AM Exercise Settlement is established by calculating the opening prices of the individual component stocks of an index and thus the index option is exercised or sold based on that value. The S&P 500 Index (SPX) covering a broad range of industries is a commonly known AM Exercise Settlement index option.
AM Settlement Delayed
AM settlements are susceptible to certain glitches in the system of reporting, as the opening value of the index is the respective opening values of all of the stocks of the index. But sometimes a stock may not actually trade for several hours or may not trade at all on a given day, delaying the calculation of the final settlement value.
AM Settlement Potential Gottcha
With an AM settlement, index options stop trading the day before expiration. Most often the investor can sleep soundly as large moves in the index seldom occur between Thursday afternoon and Friday morning. Unfortunately, should an adverse change in the value of an index with AM settlement occur between Thursday’s close and Friday’s open, an investor could experience a very disappointing loss after a gain appeared certain on Thursday afternoon. Additionally, since index options stop trading for AM settled indexes at Thursday’s market close, an index option investor basically becomes a captive to the index option with AM settlement after the market closes on Thursday. There’s no way for an investor to exit an index option with AM settlement after Thursday’s market close, yet the underlying index is subject to change. A market-moving event occurring after Thursday’s market close can significantly move an index on Friday causing potential heartburn for index option investors.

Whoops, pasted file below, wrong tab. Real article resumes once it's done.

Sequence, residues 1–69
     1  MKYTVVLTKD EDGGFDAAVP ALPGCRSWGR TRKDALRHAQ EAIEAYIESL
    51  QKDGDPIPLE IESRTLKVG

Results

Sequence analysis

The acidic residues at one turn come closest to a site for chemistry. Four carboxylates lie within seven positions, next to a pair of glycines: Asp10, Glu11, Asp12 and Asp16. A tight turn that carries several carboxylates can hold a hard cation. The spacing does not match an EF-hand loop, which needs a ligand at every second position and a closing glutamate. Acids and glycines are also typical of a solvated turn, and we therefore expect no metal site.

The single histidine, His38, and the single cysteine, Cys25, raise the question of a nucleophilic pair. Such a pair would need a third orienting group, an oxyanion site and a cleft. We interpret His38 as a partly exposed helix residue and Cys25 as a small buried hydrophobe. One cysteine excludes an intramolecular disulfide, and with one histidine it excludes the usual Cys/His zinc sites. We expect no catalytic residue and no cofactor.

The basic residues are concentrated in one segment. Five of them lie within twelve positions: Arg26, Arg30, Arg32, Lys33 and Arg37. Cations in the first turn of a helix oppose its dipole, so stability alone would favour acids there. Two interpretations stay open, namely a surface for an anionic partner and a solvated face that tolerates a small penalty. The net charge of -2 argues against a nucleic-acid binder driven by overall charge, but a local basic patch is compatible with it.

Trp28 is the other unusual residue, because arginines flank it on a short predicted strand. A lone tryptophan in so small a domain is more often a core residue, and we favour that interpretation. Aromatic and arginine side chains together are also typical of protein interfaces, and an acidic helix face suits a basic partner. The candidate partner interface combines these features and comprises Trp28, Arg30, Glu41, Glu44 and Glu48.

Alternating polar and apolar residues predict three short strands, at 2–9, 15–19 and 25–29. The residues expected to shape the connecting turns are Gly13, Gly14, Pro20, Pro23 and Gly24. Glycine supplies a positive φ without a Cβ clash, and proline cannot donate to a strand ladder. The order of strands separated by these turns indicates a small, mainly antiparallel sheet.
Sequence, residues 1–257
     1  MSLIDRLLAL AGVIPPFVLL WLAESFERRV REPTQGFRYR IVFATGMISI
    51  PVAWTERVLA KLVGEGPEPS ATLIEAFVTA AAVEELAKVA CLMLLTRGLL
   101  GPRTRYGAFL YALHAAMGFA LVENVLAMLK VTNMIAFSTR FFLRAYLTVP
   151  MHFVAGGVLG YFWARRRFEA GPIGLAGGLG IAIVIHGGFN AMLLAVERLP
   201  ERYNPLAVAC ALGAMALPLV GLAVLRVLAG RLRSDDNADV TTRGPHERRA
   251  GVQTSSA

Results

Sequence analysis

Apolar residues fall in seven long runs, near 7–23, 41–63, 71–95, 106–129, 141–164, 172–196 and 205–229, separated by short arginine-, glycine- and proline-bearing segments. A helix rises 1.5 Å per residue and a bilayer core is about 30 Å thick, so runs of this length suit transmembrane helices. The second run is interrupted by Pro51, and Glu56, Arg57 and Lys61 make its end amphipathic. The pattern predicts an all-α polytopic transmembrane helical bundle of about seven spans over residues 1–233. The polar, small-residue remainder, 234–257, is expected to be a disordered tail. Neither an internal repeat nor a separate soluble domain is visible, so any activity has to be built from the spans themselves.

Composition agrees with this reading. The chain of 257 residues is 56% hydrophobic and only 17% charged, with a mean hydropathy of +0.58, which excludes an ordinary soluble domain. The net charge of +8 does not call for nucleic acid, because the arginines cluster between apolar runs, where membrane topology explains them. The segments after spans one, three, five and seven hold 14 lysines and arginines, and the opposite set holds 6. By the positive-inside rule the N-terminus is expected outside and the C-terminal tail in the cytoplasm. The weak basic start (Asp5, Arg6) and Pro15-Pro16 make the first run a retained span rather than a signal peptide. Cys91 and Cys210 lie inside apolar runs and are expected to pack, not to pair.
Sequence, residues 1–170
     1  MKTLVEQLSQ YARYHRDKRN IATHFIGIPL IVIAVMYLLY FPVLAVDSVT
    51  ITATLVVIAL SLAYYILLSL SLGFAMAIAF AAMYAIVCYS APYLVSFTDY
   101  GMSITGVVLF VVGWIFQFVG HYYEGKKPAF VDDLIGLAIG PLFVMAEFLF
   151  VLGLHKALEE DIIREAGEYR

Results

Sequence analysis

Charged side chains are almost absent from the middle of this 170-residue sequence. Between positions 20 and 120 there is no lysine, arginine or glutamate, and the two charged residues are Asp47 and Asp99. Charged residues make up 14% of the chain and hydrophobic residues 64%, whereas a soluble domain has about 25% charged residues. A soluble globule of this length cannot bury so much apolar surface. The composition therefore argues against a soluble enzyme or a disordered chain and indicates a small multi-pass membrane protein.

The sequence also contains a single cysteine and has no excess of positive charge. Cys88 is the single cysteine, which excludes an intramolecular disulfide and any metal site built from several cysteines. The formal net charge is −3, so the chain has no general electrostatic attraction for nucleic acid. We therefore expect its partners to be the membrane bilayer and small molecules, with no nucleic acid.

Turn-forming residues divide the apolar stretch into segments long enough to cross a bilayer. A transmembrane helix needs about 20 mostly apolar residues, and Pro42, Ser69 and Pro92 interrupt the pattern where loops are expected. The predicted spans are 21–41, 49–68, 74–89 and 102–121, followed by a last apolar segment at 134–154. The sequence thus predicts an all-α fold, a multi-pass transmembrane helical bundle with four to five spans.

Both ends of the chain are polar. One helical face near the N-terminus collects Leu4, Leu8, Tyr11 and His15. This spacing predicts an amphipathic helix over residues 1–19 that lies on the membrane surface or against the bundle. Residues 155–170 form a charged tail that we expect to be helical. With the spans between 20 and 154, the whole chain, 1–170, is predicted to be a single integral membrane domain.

AM Settlement Risks with Index Options
Investors trading index option credit spreads should be very careful in trading index options with AM settlement as sudden moves between Thursday’s close and Friday’s open can turn a sure gain on Thursday into a very big loss on Friday. An example of an index AM settlement causing heartburn for index option credit spreads for the Russell 2000 Index (RUT) occurred in August of 2008.
AM Settlement Example with RUT
The RUT closed on Thursday, August 14 at 754.38 and according to the stock chart/ticker tape the RUT had an opening price of 759.26 on Friday, August 15. Since the RUT is AM settled, it would appear that any bear-call credit spreads position with a short call option strike price greater than 759.26 would be 100% profitable, i.e. 760, 765, 770, etc. However, the final settlement value for RUT was determined to be 765.07 – almost 6 points higher than indicated by the opening stock chart/ticker tape value. With the 765.07 settlement value for RUT, all of the bear-call credit spreads positions with a long call strike price of 760 are now much less profitable than previously thought. As an extreme example, the bear-call credit spreads position for the strike price combination of the 760/770 went from profitable on Thursday afternoon to a loss of approximately 50% on Friday.
What to Do About AM Settlement and Index Credit Spreads